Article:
Many minor foot problems can be effectively treated by a podiatrist, who can also advise you on how to keep your feet in the best possible shape. John Durkin of Fulham Podiatry in West London, answers some of the most common questions on foot health
Q I get a stabbing pain in the soles of my feet when I walk. What could it be?
A Pain in the soles of the feet or at the heel is usually caused by plantar fasciitis, inflammation of the thick band of fibrous connective tissue, which runs from the heel bone to the bases of the toes and helps to maintain the arches. Badly fitting shoes, pronation (rolling your foot in when you walk), tight calf muscles, or sudden exercise can all trigger it.
Daily calf muscle stretches, switching to more sensible shoes, orthoses or a type of acupuncture known as dry needling may relieve symptoms. In extreme cases your podiatrist may be able to offer you a cortisone injection or refer you to your GP for one. If all else fails surgery may be an option, although this is not recommended.
Q My feet are very stiff – how can I make them more flexible?
A Feet tend to become more rigid as you get older and arhtritis may be a contributing factor. Walk as much as possible and keep moving your feet. Daily exercises such as extending and flexing your toes, or circling your feet while sitting down can help and standing on tiptoes can increase flexibility. Regular foot massages or reflexology can also help.
Q Can anything be done about bunions?
A Contrary to popular opinion wearing badly fitting shoes does not cause bunions although they may make them worse. Your foot type increases your risk: for example, if you have excessive pronation (flat feet that tend to roll inwards as you walk) or feet that are 'hypermobile', meaning they are more flexible, you may be more susceptible. Wearing sensible shoes, exercises, orthoses (special devices inserted into shoes) or night splints, which hold toes straight overnight, can help to keep early bunions in check. Surgery is the only way to correct the deformity but is not always completely successful and full recovery can take months. A different form of operation called a scarf osteotomy can have better results and a shorter recovery time, but you may have to pay as it is not available in all NHS hospitals. Read more in the May 2007 issue of Saga magazine.
Q My big nail is starting to crumble and go yellow. What could it be?
A This is a sign of a fungal infection under the nail, which has usually spread from an area of athlete’s foot somewhere else on your foot.
A topical anti-fungal nail cream may clear it up but in severe, long-standing cases you may need tablets on prescription from your GP. A more drastic solution involves removing the whole toenail.
Q Why do I get puffy ankles?
A Poor circulation due to heart problems, varicose veins, lymphatic problems, liver disease or an ankle injury can all cause ankles to swell. Self-help measures include wearing support stockings (which should be properly fitted), putting your feet up as much as you can and gentle exercises. If the problem persists see your GP who will look for any underlying causes and prescribe appropriate medication.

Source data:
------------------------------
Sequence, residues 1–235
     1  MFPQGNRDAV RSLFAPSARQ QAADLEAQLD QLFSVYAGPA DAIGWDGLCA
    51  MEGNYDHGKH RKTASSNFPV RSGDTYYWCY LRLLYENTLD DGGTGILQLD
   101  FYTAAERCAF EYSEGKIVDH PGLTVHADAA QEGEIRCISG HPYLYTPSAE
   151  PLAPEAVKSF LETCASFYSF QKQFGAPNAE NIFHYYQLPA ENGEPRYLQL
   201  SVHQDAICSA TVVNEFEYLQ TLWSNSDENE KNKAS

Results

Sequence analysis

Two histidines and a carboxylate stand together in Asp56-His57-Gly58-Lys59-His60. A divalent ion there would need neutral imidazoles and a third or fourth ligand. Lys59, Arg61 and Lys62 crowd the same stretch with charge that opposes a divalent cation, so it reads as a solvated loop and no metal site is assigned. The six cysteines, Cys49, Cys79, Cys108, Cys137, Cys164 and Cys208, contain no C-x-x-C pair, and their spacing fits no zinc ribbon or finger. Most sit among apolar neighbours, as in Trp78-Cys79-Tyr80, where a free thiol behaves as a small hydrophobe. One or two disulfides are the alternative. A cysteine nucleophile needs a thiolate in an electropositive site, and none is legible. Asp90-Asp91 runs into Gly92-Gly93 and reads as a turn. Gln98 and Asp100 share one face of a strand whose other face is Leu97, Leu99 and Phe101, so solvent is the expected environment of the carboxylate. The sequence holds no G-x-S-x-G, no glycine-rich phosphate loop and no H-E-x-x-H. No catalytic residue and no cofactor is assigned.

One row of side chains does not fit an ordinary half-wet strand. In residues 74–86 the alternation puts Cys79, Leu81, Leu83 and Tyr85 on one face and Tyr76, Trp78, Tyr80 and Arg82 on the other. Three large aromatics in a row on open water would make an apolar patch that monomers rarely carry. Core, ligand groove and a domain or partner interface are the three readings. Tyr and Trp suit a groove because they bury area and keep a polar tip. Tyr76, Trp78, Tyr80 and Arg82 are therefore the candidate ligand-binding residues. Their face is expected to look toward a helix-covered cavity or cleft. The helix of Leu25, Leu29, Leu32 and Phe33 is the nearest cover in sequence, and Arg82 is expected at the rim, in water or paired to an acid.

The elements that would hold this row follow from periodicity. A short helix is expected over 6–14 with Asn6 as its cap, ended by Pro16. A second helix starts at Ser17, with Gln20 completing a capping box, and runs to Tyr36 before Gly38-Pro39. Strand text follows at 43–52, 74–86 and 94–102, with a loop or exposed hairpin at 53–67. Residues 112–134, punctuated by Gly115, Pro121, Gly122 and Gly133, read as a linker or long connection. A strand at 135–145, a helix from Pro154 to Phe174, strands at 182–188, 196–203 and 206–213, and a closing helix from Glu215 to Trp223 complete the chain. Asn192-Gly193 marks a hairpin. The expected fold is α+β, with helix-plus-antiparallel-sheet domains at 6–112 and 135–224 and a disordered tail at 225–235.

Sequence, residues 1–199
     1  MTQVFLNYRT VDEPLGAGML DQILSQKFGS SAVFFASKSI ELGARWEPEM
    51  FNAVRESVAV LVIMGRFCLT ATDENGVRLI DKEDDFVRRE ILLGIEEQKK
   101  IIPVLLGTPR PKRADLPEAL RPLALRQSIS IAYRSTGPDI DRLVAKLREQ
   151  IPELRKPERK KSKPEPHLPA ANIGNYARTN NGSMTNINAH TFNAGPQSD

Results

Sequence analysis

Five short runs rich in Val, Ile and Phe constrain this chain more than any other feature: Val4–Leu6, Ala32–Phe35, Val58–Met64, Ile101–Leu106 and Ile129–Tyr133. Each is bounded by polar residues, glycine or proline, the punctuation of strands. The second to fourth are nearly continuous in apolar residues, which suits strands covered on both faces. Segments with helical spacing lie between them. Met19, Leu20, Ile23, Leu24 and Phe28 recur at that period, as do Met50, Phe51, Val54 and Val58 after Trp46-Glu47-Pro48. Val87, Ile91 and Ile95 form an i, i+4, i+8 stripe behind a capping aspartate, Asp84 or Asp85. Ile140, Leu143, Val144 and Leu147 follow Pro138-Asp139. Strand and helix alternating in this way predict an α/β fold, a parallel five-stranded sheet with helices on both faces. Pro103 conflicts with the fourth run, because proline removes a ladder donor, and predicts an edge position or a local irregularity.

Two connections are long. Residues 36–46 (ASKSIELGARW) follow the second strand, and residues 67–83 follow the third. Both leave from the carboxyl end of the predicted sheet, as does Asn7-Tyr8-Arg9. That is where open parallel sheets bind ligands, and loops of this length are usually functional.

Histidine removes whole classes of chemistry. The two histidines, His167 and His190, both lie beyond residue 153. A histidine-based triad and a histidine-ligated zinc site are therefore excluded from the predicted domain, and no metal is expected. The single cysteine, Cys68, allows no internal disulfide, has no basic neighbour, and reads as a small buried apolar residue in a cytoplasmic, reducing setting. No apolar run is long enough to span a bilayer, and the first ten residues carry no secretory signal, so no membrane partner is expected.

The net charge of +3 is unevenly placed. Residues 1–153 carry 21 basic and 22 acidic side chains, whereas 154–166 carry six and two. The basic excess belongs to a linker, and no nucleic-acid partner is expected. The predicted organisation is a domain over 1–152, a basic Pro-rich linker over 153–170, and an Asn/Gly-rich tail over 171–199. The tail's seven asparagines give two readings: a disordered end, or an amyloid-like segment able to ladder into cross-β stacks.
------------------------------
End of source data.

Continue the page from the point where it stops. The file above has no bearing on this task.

Q Why are my feet often cold?
A Some of us are naturally more susceptible to cold feet than others, but poor circulation is the most likely culprit, says Durkin.
Wearing an extra pair of socks and keeping your feet moving can help. Insulated insoles available over the counter at the pharmacy are also worth a try. It is important to try to keep the temperature of your feet constant – suddenly going from cold to hot may cause chilblains.
Q I've got a pain in my big toe, could it be gout?
A Sudden, acute painful swelling of the big toe joint is the first sign of gout. It is caused by a build up of uric acid deposits in the joint or arthritis. 'Gout can be inherited but foods containing purines, such as beans and peas, may exacerbate it, as will alcohol,' says Durkin. 'Non-steroidal anti-inflammatory drugs (NSAIDs) such as ibuprofen can help relieve swelling in the short term. However if a podiatrist suspects gout they will advise you go to your GP who will take a blood test and prescribe the appropriate medication,' adds Durkin.
Q Why do I keep getting corns?
A Pressure or friction from badly fitting shoes or skin rubbing against prominent bony areas of the feet while walking or running are the usual reason.
‘In the first instance emollient creams, emery boards and a pumice stone may help to alleviate the problem,’ says Durkin. Self-use of blades is not recommended nor are corn plasters containing acids. If corns keep returning, regular visits to the podiatrist will help to keep them under control.
- be foot shaped
- be laced or strapped and barred with a small heel ( ideally no more than 1/2in)
- have a firm heel counter (heel feels firm when pressed on either side)
- have a manmade sole
- have leather uppers that are neither too floppy or soft
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